Anzac Day, 25 April – marks the anniversary of the first major military action fought by Australian and New Zealand forces during the First World War. The acronym (ANZAC) stands for Australian and New Zealand Army Corps, whose soldiers quickly became known as ANZACs themselves. The pride they took in that name endures to this day, and ANZAC Day remains one of Australia and New Zealand’s most important national occasions.
When war broke out in 1914, Australia had been a Federal Commonwealth for only thirteen years, and the new National Government was eager to establish its reputation among the nations of the world. In 1915, Australian and New Zealand soldiers formed part of the Allied expedition that set out to capture the Gallipoli Peninsula to open the way to the Black Sea for the Allied navies. The plan was to capture Istanbul, capital of the Ottoman Empire and an ally of Germany. They landed at Gallipoli on 25 April, meeting fierce resistance from the Turkish defenders. What had been planned as a bold strike to knock Turkey out of the war quickly became a stale-mate, and the campaign dragged on for eight months. At the end of 1915, the Allied forces were evacuated after both sides had suffered heavy casualties and endured great hardships. Over 8,000 Australian and 2,700 New Zealand soldiers died. News of the landing at Gallipoli made a profound impact on Australians and New Zealanders at home and 25 April quickly became the day on which they remembered the sacrifice of those who had died in war.
Though the Gallipoli campaign failed in its military objectives of capturing Istanbul and knocking Turkey out of the war, the Australian and New Zealand troops’ actions during the campaign bequeathed an intangible but powerful legacy. The creation of what became known as an “ANZAC legend” became an important part of the national identity in both countries. This shaped the ways they viewed both their past and their future.
On 30 April 1915, when the first news of the landing reached New Zealand, a half-day holiday was declared and impromptu services were held. The following year a public holiday was gazetted on 5 April and services to commemorate were organised by the returned servicemen.
The date, 25 April, was officially named ANZAC Day in 1916; in that year it was marked by a wide variety of ceremonies and services in Australia, a march through London, and a sports day in the Australian camp in Egypt. In London, over 2,000 Australian and New Zealand troops marched through the streets of the city. A London newspaper headline dubbed them “The Knights of Gallipoli”. Marches were held all over Australia in 1916; wounded soldiers from Gallipoli attended the Sydney march in convoys of cars, accompanied by nurses. For the remaining years of the war, ANZAC Day was used as an occasion for patriotic rallies and recruiting campaigns, and parades of serving members of the AIF were held in most cities. From 1916 onwards, in both Australia and New Zealand, ANZAC services were held on or about 25 April, mainly organised by returned servicemen and school children in cooperation with local authorities.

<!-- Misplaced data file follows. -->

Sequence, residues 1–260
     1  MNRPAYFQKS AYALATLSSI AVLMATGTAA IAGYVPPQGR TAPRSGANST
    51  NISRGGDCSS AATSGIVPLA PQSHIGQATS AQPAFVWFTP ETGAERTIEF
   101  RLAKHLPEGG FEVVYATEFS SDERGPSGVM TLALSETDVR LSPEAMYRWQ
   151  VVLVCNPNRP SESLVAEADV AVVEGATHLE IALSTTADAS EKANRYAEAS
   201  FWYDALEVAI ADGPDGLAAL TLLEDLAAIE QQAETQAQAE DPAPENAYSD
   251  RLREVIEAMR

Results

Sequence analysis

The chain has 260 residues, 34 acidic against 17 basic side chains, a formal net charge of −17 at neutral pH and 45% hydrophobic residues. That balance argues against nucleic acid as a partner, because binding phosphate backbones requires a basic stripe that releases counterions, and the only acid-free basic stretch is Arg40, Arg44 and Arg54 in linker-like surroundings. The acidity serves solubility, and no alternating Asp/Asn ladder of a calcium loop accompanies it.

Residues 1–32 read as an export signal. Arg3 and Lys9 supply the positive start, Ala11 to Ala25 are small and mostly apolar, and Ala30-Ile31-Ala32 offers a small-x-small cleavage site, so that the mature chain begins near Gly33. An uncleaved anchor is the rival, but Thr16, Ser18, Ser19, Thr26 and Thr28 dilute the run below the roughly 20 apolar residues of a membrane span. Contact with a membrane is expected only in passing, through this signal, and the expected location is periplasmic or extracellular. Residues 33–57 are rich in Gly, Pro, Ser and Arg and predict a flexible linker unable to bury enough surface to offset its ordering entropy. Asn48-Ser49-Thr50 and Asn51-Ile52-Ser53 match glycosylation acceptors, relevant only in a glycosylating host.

ANZAC Day was not gazetted as a public holiday in New Zealand until 1921, after lobbying by the Royal New Zealand Returned and Services’ Association, the RSA. In Australia at the 1921 State Premiers’ Conference, it was decided that ANZAC Day would be observed on 25 April each year. However, it was not observed uniformly in all the States.
One of the traditions of ANZAC Day is the ‘gunfire breakfast’ (coffee with rum added), which occurs shortly after many dawn ceremonies.
During the 1920s, ANZAC Day became established as a National Day of Commemoration for the 60,000 Australians and 18,000 New Zealanders who died during the war. The first year in which all the States observed some form of public holiday together on ANZAC Day was 1927. By the mid-1930s, all the rituals now associated with the day — dawn vigils, marches, memorial services, reunions, sly two-up games — were firmly established as part of ANZAC Day culture. With the coming of the Second World War, ANZAC Day became a day on which to commemorate the lives of Australians and New Zealanders lost in that war as well and in subsequent years, the meaning of the day has been further broadened to include those killed in all the military operations in which the countries have been involved.
ANZAC Day was first commemorated at the Australian War Memorial in 1942, but due to government orders preventing large public gatherings in case of Japanese air attack; it was a small affair and was neither a march nor a memorial service. ANZAC Day has been annually commemorated at the Australian War Memorial ever since.
Australians and New Zealanders recognise 25 April as a ceremonial occasion. Commemorative services are held at dawn, the time of the original landing, across both nations. Later in the day, ex-servicemen and women meet and join in marches through the major cities and many smaller centers. Commemorative ceremonies are held at war memorials around both countries. It is a day when Australians and New Zealanders reflect on the many different meanings of war.